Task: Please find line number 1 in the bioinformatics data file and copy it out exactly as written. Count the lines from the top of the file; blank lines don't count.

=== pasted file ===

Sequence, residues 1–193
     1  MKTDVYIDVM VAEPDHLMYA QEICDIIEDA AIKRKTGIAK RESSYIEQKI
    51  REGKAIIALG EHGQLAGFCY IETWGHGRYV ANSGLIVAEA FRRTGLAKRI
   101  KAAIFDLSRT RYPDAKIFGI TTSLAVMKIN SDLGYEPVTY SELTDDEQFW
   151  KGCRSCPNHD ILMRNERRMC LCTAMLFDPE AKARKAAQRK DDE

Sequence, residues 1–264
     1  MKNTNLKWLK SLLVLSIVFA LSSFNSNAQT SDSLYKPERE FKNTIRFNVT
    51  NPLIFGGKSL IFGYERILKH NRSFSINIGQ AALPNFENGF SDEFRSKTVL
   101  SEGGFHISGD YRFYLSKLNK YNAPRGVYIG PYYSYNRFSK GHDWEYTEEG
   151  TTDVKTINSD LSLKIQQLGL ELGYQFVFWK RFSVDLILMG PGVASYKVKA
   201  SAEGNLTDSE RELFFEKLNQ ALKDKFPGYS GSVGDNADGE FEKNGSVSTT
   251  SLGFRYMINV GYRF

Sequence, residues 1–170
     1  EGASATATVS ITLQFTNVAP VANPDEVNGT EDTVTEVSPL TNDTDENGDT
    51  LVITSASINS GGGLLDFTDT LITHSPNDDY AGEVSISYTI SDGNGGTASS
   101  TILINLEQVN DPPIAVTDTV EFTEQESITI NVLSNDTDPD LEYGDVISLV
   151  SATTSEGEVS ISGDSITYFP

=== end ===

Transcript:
Sequence, residues 1–193